In offshore petroleum production, steel risers (tubing) are used to bring oil from the seabed to floating production platforms. In deepwater applications (3,000 to 5,000 feet), heavy steel risers require expensive tensioning and buoyancy systems. For ultradeep operations in water depths of 5,000 to 13,000 feet, the size and weight of conventional steel risers becomes cost prohibitive, inhibiting the exploitation of substantial offshore domestic oil reserves (Silverman 1999). The use of lighter-weight composite production risers (CPRs) will reduce platform weight together with floatation and tensioning requirements and overcome one of the greatest limiting factors in offshore oil production, that is, increasing riser loads that floating platforms have to support in increasing water depths. However, the cost of CPRs has been significantly higher than steel risers because prior manufacturing techniques have not been optimized and production levels have not achieved economies of scale.

Umbilicals in Off shore


An umbilical is a group of hydraulic fuel lines and/or electrical cables reinforced with metal wires designed for subsea applications

Major Failures Storage Tank


On March 27, 1980, Alexandra L Kielland Platform, a semi-submersible oil drilling platform located at North Sea capsized during a storm. The platform supported by five columns standing on five 22 meter diameter pontoons. The five 8.5 diameter columns on the pontoons were interconnected by a network of horizontal bracings. The cracked bracing made five other bracing break off due to overload. And subsequently the platform became unbalanced and capsized. 123 killed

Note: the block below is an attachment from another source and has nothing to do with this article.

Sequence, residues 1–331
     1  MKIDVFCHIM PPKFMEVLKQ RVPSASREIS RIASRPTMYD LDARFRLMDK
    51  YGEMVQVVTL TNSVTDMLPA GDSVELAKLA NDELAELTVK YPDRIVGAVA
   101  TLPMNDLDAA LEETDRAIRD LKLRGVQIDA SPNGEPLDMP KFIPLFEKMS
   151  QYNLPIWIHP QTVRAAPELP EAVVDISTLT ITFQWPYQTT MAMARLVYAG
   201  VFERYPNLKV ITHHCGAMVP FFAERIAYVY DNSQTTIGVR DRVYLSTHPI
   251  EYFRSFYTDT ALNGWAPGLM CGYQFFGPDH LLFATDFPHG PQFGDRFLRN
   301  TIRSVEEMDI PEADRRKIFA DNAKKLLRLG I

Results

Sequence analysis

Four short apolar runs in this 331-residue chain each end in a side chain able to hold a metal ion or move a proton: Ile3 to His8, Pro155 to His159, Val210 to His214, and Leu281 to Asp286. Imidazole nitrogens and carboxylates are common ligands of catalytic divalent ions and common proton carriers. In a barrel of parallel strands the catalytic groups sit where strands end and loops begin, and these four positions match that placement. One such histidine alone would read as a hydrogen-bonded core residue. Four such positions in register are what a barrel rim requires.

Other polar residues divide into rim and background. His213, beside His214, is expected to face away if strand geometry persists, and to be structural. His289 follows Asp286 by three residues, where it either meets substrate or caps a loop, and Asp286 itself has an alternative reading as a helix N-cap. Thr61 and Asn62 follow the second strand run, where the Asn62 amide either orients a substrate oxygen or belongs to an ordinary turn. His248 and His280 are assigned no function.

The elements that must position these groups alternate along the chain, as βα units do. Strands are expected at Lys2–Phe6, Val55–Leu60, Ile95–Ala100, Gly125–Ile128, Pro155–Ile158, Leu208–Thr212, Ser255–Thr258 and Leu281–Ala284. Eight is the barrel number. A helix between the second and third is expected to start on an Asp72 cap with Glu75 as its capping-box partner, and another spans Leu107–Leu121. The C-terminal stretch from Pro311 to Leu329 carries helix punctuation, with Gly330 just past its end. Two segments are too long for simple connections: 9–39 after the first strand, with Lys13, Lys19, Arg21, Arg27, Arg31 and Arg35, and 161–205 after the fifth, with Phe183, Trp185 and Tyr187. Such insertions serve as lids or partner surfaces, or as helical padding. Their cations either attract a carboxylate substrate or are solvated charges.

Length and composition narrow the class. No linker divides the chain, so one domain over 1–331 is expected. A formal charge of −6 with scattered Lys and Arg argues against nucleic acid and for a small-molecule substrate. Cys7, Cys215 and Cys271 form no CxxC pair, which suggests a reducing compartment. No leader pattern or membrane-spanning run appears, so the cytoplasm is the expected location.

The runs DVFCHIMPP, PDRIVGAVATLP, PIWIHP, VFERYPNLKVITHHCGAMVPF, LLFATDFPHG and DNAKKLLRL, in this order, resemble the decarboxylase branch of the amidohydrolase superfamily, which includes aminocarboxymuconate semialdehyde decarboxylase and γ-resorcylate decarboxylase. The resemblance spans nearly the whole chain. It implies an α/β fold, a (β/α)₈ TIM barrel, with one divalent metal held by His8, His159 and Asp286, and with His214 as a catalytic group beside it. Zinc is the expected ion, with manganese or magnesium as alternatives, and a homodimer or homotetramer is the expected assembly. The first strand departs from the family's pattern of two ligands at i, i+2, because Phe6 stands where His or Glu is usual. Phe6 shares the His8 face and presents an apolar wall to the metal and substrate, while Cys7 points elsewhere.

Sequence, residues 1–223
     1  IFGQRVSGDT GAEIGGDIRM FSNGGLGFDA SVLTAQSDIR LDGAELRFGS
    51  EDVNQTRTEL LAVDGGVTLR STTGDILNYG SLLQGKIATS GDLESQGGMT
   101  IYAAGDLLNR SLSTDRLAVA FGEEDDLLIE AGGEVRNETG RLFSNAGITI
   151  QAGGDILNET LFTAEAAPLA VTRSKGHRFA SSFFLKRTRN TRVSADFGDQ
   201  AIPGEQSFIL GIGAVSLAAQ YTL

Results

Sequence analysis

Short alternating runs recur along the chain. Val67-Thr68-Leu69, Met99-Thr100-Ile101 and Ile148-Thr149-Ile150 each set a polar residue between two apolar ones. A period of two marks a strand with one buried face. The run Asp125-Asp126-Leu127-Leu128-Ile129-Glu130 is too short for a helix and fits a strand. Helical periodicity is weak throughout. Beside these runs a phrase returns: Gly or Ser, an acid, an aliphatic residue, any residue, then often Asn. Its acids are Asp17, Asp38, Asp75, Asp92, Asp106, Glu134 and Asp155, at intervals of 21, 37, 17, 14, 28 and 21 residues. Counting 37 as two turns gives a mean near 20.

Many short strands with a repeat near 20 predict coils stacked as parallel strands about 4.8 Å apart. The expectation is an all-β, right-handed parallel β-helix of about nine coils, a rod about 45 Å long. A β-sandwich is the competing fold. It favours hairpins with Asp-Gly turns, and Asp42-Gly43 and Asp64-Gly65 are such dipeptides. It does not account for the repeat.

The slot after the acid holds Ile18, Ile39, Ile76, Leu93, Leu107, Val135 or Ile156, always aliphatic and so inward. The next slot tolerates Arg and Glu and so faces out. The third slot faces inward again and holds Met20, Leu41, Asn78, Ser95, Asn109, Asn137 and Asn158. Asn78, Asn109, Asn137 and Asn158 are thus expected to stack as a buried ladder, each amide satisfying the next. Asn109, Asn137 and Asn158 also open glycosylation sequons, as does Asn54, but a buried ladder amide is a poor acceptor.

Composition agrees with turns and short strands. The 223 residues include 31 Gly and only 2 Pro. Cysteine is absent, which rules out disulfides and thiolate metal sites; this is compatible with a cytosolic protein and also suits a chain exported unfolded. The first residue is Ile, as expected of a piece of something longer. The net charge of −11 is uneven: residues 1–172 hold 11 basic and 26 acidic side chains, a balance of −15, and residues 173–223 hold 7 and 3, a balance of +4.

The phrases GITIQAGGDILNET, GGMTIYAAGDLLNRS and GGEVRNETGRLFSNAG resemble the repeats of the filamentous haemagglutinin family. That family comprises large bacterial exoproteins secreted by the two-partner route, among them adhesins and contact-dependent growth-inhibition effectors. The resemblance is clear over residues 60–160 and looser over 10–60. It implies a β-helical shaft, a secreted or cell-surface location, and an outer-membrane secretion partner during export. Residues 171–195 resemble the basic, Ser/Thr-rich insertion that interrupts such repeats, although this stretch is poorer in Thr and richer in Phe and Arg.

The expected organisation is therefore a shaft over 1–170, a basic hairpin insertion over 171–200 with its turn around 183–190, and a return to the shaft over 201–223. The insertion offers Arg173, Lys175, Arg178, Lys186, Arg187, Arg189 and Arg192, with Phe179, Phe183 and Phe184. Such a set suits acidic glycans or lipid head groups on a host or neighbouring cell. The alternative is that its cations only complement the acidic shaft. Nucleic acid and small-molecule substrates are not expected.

A circular hole was introduced in D6 bracing & a pipe (hydrophone) was mounted into the circular hole by welding. The hydrophone was 325 mm in dia. with a 26 mm wall thickness and was welded using a double fillet weld with a weld throat of 6 mm.

Alexander Kielland Oil Rig Platform Disaster


Fatigue crack had propagated from the double fillet near the hydrophone mounted to one of the horizontal bracing. Some cracks related to lamellar tearing were found in the heat affected zone (HAZ) of the weld around the hydrophone..

Major Failures Storage Tank

Failure caused by leakage of boiling and expanding vapour explosion 25 mm thick Plate ASTM 516 Gr 70 steel Rolled and welded using SAW process without PWHT Six inches crack noticed at HAZ

Mechanism of cracking Hydrogen Induced cracking

Codes & Certifying Bodies

Structural design has to comply with specific offshore structural codes. The worldwide leading structural code is the API-RP2A. The recently issued Lloyds rules are also important.
The major certification bodies are: Det norske Veritas (DnV) Lloyds Register of Shipping (LRS) American Bureau of Shipping (ABS) Bureau Veritas (BV) Germanischer Lloyd (GL)

Insurance companies covering transport and installation require the structures to be reviewed by warranty surveyors before acceptance. The warranty surveyors apply standards, if available, on a confidential basis.

Types of loads
Steel jacket type platform on a pile foundation is by far the most common kind of offshore structure

"substructure" or "jacket" is fabricated from steel welded pipes and is pinned to the sea floor with steel piles, which are driven through piles guides Piles are thick steel pipes of 1 to 2 metres dia. and can penetrate as much as 100 m into the sea bed. The jacket can weigh up to 20,000 tonnes. To ensure that the installation will last for the required service life, maintenance must be carried out including the cathodic protection used to prevent corrosion. Maximum design forces for steel jacket platform are as follow:
Vertical load: around 50 MN Horizontal load: around 5 MN Overturning moment: around 10 GN.m

It is not advisable to impose any further lateral loading on the offshore installation as this may affect the overall strength of the platform which could create a potential safety hazard

Types of loads